Thursday, October 29, 2009

I Have Become Carver . . .

. . . Destroyer of Gourds.

I light a candle in each one for you.

Every Halloween, it is the same.
I wait for the black of night to fall. I make my way to the Old Murphy pumpkin patch just outside of town. Once inside the fences, I look out over the field, admiring the crop.
It is then that I reveal the blades inside my bag. One by one, I remove each of the terrible implements from their wooden display block, admiring their fine stainless steel and full-tang construction that not only offer me confidence, but comfort for the awful task at hand.
And then my dark work begins.
The pulp and the seeds spray and splatter. The ease at which the flesh of each pumpkin separates under the edge of my steely friends causes a manic grin to crawl across my face. And as I carve and slice my way through the madness, I think of you, killed by that truck of pumpkins so many years ago. That horrible horn, the squishity-squish-squish of that awful murder under the pulpy mass of the Orange Menace, they haunt me still. Only this yearly ritualized squash-icide can halt that horrid scene from playing in the theater of my mind night after night.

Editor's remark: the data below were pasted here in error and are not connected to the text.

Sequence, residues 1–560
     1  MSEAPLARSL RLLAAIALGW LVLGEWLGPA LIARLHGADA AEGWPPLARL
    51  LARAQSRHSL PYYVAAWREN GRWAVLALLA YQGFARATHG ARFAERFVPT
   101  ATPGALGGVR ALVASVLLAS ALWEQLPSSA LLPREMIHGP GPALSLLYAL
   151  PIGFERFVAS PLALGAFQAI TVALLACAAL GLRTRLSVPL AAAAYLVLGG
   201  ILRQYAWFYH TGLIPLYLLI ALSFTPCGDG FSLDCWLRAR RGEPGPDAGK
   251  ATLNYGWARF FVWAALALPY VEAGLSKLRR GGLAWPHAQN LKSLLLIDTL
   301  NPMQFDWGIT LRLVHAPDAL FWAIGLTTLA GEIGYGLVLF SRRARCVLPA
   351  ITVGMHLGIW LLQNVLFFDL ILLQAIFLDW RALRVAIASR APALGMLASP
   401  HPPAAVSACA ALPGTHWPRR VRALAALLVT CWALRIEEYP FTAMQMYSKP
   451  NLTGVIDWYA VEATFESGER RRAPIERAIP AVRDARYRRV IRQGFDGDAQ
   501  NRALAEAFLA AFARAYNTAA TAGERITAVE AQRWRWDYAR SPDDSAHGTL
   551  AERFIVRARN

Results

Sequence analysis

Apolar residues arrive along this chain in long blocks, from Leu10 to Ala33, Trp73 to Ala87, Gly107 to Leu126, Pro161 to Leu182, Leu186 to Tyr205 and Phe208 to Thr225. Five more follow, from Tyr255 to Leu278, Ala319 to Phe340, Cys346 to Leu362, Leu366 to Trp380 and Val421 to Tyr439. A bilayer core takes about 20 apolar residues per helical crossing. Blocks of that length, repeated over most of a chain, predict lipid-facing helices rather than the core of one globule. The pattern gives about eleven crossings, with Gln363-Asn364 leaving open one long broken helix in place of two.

It ends when every last gourd in the field has felt my wrath. There, among the muck and the slime of the patch, I sit among the carved pumpkins, all glaring at me with your face, tears streaming down my pulp-stained cheeks. Their maddening song has been silenced.
I then gather my tools and return home, satiated for another year.
Now, we are at the end of another October. The horrible yearning for pumpkiny death begins anew.
I hope you can hear the screams of the Cucurbita, and that they please you as much as I.

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